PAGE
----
The three E. coli strains were grown in acetate minimal medium in an attempt to understand the relevance of the Acs and Pta-Ack pathways in the assimilation of acetate and their relation to central metabolism.

Kinetics of cell growth and metabolism

The deletions greatly decreased the efficiency of acetate assimilation in both strains. The growth rate of the Δpta strain in the acetate culture was almost half, compared to the control, while biomass yield was reduced in both mutant strains (Table (Table6).6). The acetate consumption rate in the Δpta mutant was half that of the wild type strain, while in the Δacs mutant it was slightly higher than in the control. However, the acs mutant strain was unable to fully consume the carbon source in the medium, probably as a consequence of the reversibility and low affinity of the Pta-Ack pathway [11]. No relevant metabolite production was assessed during culture and only traces of ethanol were detected (Figure (Figure33).

Table 6
Growth and metabolic parameters of E. coli BW25113 (control), Δacs and Δpta mutant strains in batch aerobic cultures in acetate minimal medium.
Figure 3
Growth and metabolite production of A) E. coli BW25113 (wild type) and its B) Δacs and C) Δpta knockout derivative strains. Experiments were performed using acetate as the carbon source. Sampling times for enzyme activities and/or gene ...

Enzyme activities

Key enzyme activities were also studied during the early exponential phase of growth and at the onset of the stationary phase in the Δpta mutant and control strains in acetate cultures (Table (Table4).4). Enzymes related to energy metabolism (glycolysis and TCA cycle) and the glyoxylate shunt showed altered levels. In fact, Pdh, Icdh and Icl activities were lower in the Δpta strain, while Pyk activity remained steady. A similar Icdh/Icl ratio was observed for both strains in the exponential phase, indicating that the ability to direct acetyl-CoA towards biosynthetic pathways was not altered, while in the late exponential phase, the relative activity of the glyoxylate shunt in the Δpta mutant was enhanced (Table (Table4).4). Moreover, the pentose phosphate shunt enzyme, Zwf, presented a higher activity in the mutant, generating biosynthetic intermediates and NADPH.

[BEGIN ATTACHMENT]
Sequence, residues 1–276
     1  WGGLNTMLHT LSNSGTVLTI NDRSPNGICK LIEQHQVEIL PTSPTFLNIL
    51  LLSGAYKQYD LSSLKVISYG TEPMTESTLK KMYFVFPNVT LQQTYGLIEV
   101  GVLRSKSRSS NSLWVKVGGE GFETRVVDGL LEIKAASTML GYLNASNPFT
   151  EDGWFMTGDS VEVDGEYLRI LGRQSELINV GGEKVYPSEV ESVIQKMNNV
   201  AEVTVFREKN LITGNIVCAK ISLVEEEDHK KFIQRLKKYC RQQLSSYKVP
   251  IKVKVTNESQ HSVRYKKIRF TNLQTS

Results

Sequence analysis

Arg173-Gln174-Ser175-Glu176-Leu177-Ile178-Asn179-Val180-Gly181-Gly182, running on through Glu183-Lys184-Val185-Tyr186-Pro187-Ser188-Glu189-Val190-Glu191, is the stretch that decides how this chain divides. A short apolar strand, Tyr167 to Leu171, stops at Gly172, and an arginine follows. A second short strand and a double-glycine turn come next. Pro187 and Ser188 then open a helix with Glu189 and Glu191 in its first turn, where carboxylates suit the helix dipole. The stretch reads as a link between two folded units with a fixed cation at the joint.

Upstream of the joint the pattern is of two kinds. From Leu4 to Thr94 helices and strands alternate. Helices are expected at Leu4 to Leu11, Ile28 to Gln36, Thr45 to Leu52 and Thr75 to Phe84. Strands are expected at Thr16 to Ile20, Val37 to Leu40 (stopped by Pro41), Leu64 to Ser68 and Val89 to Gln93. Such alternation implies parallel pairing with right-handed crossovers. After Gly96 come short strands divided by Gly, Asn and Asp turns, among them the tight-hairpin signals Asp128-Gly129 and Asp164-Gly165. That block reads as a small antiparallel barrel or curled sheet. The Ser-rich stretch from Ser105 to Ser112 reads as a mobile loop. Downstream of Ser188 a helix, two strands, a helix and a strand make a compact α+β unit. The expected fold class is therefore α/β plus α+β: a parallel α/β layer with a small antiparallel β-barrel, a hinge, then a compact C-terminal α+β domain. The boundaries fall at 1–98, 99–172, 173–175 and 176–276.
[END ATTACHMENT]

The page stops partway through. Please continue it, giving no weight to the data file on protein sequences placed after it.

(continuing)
PoxB and Acs showed a surprising profile since the latter (which is the only feasible pathway for acetate assimilation in the Δpta mutant) decreased in this strain, especially during the exponential phase, while PoxB (which excretes acetate to the medium) showed much higher activity, especially in the early exponential phase.

Gene expression by qRT-PCR

The expression level of 24 genes related to the central metabolism of E. coli was analyzed in the wild type and Δpta strains. In general, the transcription of the genes analyzed was down-regulated within the different functional groups. At the early exponential phase, glycolysis, TCA cycle and glyoxylate shunt related genes were down-regulated, as well as those related to anaplerosis and gluconeogenesis (Table (Table5).5). Interestingly, the expression of acs, actP and aceA/aceB was down-regulated in the pta mutant, which supports the low growth rate observed in this strain (Table (Table5).5). At the onset of the stationary phase, fewer genes were down-regulated probably because of the adaptation of the pta mutant to the medium; pykF, acs and poxB showed substantially decreased expression.

Among regulatory genes, a noticeable down-regulation of the global regulator cra was observed during the exponential phase which could explain the down regulation of the GS, TCA cycle, and gluconeogenesis related genes. Moreover, a slight increase in rpoS expression, related to stress conditions, was observed in the same stage.

Glucose anaerobic batch cultures

Finally, since acetate is the major product during anaerobic growth, E. coli BW25113 and the mutant strains were studied under anaerobiosis in glucose minimal medium.